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Safety Management Guide & Safety Principles

Complete Guide to Safety Management & Safety Principles in the Workplace

Unfortunately, not all businesses realize that while they may put safety management protocols into place, at least 68% of employees don’t completely adhere to the safety rules implemented in their workplace. Also, around 58% of employees are completely unaware of the safety protocols their job has in place.

The point of having health and safety rules is to prevent injury and death in places of work. It’s a way to form a structured approach to more safety risk control. These sets of policies and procedures don’t only minimize the risk of injury and other adverse events.

They also protect the company and the consumers that the company serves. In any workplace, it’s important to follow safety principles to help avoid accidents and injuries. But what exactly are these safety principles, and why are they so important?

Keep reading as we explain the most common safety protocols in different workplace settings, how to follow them, and why you should.

Taking Note of the Elements That Make Up a Safety Management System

There are 12 general elements that make up safety management systems. There are also a few specific components that act as the actual framework of the system. The components that you should be aware of are:

  • Risk management
  • Safety assurance and promotion
  • Hazard identification
  • Performance measurement and occurrence reporting

A good safety management system is versatile. It should allow you to track injuries and reported incidents and be data-driven. While 80% to 95% of incidents are caused by bad behavior, it’s still the company’s responsibility to put safety practices into place for workers.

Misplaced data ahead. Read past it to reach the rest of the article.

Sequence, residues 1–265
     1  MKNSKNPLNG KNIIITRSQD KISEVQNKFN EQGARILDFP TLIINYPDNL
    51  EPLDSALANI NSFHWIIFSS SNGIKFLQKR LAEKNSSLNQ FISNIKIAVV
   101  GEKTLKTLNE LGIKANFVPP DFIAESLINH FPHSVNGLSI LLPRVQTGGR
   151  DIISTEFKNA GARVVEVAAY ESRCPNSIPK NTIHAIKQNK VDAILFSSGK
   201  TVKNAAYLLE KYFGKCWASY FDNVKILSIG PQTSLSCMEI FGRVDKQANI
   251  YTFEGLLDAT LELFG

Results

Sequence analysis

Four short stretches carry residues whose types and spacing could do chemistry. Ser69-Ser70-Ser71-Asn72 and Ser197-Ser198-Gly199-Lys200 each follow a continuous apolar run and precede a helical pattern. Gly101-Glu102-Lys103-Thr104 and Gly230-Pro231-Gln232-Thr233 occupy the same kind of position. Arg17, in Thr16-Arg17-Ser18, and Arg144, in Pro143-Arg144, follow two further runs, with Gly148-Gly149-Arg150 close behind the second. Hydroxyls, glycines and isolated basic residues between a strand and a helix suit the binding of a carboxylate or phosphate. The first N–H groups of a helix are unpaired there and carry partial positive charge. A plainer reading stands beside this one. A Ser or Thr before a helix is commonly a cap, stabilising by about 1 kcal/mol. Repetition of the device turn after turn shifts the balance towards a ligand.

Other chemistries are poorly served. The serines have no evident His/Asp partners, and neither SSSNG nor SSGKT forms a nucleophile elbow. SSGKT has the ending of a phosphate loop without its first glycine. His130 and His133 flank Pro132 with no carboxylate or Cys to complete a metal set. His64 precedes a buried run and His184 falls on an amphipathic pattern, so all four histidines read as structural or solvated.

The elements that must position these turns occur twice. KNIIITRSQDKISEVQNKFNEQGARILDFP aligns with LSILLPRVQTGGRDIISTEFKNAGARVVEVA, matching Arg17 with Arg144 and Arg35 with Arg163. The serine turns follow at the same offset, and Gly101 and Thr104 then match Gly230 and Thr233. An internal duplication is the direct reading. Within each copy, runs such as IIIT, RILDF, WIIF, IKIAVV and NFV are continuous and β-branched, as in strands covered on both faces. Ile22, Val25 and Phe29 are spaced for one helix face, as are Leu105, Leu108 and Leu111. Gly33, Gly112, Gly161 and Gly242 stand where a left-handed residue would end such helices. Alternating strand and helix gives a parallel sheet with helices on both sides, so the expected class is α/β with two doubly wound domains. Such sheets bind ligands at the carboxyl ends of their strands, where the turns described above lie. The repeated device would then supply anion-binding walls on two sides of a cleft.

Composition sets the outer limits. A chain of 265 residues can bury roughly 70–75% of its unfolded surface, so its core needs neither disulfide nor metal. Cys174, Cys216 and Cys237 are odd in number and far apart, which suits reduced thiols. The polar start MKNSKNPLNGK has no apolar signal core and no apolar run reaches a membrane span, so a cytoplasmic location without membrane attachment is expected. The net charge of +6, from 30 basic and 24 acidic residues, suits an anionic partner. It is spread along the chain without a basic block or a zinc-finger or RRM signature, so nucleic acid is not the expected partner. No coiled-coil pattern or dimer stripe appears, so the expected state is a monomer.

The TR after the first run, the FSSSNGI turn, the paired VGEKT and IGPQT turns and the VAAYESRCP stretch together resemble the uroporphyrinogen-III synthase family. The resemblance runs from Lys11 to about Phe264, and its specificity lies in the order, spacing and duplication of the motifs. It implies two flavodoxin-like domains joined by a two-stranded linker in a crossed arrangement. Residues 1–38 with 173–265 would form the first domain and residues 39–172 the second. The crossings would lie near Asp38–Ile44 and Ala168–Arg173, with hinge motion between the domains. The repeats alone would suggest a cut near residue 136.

One of the most important things for businesses to consider is the elements that make up an effective workplace safety platform. Those elements are:

  • Policy and objectives
  • Risk assessment
  • Hazard identification and control
  • Safe work practices and procedures
  • Training and Education
  • Communication and consultation
  • Supervision and accountability
  • Monitoring and review
  • Incident investigation
  • Record keeping
  • Emergency Preparedness
  • Evaluation and improvement

These elements help business operation teams to keep accountability in mind. It also helps with forming a standardized approach to ensure safety better. In 2021 alone, around 2.2 million injury cases were filed against different companies.

This represents a 6.3% increase in reported cases like this. Combining these elements in your safety protocol design will mitigate this risk.

Management: Why Is It Needed?

Every year, out of every 100 workers in the U.S., at least 2.8 of those workers are hurt while at work. That means that on an annual basis, 2.8 million people experience nonfatal injuries while on the job.

These injuries may be nonfatal. However, this doesn’t consider the potential loss in quality of life or in compensation. It also doesn’t include the ability to continue their job.

While not all injuries are this extensive, injuries vary based on various factors. Regardless of the cause, health and safety protocols are vital to have in place. This also includes the awareness of different types of hazards, which is just as essential.

An effective safety management system will help to identify potential hazards in the workplace. It will also put procedures in place to control or eliminate those hazards.